Her son has a fear of being trapped in an elevator; and that’s exactly what happened to him. Leaving his dentist’s office in a multi-storey professional building, the elevator stopped abruptly and the power went out.  In the dark and afraid, the teen used his cell phone’s flash light to look around his prison box. A small sign on a small door on the wall indicated he should, ‘Open for Help’.

Opening the door, the boy saw a sign that said, “For immediate help, use this phone, dial (phone number)”. But the boy was puzzled… there was no phone inside. Recounting the story to his mother, he told her, “Behind the door was a spin-dial machine, with a small barbell-type handle”.rotary

While it looked familiar, the teen had no idea how to operate it.  He began pushing the ‘buttons’ inside the holes where numbers were marked.  Nothing. Then he tried twisting the dial, and that sort of worked, there were some clicking sounds… but he was getting no connection. Then he noticed the crescent shaped ‘stopper” and had an idea: he pulled the dial around to the stopper, then let it go. The phone seemed to wait for him.  He dialed the next number.  Another good sign. Then he dialed the wrong digit.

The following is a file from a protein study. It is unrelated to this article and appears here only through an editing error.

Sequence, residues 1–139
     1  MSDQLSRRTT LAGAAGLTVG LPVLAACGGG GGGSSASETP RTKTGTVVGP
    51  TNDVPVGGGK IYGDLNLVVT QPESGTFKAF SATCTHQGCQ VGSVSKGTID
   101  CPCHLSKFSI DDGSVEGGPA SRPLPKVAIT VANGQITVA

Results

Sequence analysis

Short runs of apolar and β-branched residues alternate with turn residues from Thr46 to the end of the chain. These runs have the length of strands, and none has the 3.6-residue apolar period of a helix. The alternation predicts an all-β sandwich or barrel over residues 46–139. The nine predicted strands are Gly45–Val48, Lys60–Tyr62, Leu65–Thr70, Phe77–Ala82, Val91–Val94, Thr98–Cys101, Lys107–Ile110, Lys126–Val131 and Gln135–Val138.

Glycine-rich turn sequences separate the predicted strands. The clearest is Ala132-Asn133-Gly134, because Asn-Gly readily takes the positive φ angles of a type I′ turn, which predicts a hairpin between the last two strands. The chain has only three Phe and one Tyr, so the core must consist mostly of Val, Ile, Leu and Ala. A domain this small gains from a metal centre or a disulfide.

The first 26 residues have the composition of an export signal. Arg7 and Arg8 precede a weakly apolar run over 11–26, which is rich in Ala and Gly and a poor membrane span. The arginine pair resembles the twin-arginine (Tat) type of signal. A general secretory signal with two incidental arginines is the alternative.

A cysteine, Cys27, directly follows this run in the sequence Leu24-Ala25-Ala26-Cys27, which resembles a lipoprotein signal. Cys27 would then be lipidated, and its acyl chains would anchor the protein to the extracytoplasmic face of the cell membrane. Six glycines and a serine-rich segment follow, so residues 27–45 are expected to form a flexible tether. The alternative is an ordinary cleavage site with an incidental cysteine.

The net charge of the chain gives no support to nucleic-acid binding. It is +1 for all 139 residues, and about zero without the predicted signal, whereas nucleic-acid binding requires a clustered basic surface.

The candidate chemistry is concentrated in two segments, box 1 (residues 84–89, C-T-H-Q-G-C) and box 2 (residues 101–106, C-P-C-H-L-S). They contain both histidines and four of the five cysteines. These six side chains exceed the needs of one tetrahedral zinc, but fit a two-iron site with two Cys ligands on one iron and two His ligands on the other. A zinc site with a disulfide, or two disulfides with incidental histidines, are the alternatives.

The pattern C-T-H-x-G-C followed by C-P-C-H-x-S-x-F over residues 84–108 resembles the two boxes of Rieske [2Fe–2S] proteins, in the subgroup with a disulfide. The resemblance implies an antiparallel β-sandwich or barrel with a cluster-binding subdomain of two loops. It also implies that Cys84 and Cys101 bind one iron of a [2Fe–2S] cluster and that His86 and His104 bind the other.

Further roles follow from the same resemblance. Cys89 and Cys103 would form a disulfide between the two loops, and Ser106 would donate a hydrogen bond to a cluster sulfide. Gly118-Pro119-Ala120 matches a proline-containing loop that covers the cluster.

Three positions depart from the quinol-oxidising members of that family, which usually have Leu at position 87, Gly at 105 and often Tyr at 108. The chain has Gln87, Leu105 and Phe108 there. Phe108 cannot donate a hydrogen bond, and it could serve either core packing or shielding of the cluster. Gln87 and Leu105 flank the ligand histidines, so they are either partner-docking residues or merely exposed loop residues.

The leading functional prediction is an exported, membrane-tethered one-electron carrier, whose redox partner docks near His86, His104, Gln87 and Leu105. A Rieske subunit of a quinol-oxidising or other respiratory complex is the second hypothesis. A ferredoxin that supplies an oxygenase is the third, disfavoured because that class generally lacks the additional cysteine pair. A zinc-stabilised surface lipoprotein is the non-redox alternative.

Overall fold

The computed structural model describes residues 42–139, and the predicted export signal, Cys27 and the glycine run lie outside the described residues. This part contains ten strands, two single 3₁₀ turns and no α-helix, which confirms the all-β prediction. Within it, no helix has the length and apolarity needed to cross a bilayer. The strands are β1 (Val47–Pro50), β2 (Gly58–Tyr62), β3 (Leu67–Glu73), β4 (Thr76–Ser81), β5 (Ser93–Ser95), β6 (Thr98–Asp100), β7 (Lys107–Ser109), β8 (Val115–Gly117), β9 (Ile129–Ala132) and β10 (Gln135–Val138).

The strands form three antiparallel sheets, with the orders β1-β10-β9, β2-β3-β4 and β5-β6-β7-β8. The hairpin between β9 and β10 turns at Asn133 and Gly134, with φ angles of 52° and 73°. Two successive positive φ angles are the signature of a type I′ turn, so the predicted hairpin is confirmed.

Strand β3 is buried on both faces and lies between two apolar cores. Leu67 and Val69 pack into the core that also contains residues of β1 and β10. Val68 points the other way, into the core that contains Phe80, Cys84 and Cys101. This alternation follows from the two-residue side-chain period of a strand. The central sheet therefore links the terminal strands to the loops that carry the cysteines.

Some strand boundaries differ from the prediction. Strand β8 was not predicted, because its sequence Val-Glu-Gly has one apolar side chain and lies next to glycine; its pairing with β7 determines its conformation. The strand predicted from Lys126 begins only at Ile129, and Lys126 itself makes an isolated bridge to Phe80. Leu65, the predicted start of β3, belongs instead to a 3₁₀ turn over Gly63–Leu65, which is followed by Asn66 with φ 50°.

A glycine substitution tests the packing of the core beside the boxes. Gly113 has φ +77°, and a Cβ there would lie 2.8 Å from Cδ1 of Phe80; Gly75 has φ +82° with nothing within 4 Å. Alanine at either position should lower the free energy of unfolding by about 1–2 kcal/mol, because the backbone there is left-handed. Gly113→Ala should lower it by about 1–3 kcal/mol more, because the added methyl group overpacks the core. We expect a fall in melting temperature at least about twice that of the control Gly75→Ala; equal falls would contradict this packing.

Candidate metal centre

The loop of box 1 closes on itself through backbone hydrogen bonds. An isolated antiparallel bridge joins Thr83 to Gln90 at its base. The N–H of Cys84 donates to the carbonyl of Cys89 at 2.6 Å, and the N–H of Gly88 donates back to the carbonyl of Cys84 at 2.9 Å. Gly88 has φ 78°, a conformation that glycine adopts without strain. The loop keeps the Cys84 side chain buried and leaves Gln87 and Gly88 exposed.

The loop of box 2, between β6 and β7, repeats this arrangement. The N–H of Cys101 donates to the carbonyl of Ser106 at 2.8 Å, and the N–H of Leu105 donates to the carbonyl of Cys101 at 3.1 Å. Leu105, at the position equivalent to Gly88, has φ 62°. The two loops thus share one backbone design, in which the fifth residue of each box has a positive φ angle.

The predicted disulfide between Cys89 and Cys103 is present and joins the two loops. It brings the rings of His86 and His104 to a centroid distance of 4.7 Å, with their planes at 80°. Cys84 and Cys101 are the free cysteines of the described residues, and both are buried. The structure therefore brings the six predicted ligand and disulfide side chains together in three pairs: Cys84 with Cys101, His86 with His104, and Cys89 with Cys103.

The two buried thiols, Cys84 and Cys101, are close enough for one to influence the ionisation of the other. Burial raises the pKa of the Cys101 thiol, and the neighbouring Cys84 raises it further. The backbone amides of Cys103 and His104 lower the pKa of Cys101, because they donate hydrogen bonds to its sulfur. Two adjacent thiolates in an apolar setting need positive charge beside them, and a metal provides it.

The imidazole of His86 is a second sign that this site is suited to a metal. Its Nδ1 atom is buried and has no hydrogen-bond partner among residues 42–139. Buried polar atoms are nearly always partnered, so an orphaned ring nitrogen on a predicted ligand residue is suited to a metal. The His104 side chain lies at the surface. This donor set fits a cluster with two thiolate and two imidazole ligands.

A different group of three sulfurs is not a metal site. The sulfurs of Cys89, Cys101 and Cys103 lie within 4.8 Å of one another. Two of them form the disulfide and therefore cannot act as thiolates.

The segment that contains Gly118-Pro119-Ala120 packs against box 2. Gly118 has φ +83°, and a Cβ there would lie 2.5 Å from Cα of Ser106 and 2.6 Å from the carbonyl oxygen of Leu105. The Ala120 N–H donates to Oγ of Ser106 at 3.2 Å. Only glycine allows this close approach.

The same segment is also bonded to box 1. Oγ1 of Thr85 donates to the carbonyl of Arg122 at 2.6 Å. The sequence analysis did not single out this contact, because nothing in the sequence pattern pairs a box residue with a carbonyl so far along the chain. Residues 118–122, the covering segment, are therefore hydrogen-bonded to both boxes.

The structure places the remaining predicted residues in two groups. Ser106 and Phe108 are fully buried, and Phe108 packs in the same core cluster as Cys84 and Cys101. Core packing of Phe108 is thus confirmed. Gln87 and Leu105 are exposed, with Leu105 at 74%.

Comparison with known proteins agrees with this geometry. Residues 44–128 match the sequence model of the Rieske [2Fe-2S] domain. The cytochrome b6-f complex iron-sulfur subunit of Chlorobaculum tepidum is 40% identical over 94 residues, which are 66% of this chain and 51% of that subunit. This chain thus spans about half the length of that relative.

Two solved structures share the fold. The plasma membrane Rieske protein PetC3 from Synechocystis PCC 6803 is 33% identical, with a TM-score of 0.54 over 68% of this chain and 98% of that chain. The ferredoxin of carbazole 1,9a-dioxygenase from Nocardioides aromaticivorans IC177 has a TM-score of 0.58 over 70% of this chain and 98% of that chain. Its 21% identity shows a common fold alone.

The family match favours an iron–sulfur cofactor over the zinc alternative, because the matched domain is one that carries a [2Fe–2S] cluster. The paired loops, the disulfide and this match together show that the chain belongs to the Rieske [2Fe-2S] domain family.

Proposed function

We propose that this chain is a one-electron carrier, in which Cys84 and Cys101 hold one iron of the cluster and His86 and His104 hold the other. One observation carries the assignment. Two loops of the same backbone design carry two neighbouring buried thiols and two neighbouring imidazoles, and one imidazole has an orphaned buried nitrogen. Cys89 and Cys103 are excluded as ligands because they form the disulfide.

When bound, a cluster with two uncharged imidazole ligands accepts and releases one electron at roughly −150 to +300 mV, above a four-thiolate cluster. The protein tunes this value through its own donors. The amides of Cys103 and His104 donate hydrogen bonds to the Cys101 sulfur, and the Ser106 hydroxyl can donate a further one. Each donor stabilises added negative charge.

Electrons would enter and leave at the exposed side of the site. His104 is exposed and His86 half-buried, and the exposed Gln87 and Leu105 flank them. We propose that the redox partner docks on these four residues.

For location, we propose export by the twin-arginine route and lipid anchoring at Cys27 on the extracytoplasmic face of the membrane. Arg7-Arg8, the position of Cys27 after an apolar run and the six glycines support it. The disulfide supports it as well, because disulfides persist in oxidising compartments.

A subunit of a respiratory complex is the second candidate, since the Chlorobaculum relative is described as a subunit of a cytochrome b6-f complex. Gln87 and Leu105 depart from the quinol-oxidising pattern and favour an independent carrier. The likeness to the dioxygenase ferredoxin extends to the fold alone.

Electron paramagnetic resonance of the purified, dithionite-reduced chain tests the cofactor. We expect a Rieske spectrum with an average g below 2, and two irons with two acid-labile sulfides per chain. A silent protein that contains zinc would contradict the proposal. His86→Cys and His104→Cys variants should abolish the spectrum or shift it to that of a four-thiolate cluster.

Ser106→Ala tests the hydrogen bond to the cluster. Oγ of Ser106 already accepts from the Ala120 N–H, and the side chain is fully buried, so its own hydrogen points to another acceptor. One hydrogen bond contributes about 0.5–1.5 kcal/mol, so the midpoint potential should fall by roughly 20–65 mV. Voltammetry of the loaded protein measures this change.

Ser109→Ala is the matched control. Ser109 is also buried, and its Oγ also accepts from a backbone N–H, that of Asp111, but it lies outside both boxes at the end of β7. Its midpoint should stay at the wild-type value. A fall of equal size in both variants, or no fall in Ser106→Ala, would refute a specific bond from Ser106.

“Mom! I had to start all over!” he told her afterwards.rotary 2

Eventually, the boy got the spin-dial machine to connect to someone. The person on the other end of the phone told him help was on the way. He then called his mom and told her about the strange new machine he’s had to use to get unstuck. She told him it’s called a Rotary Dial Phone; a device many people will remember from their youth. A device almost never seen today.

It’s fascinating to wonder what technology we have today that will vanish before children born today grow up.  Will TVs still be around? Will cameras become obsolete?  Cars? Digital thermometers? If you imagine single-purpose technology, you can bet one day it will vanish, replaced by more multi-purpose gadgets.

What’s your guess on what we’ll soon be without? Get out your crystal ball and make a prediction below or find me on Twitter, Instagram or Facebook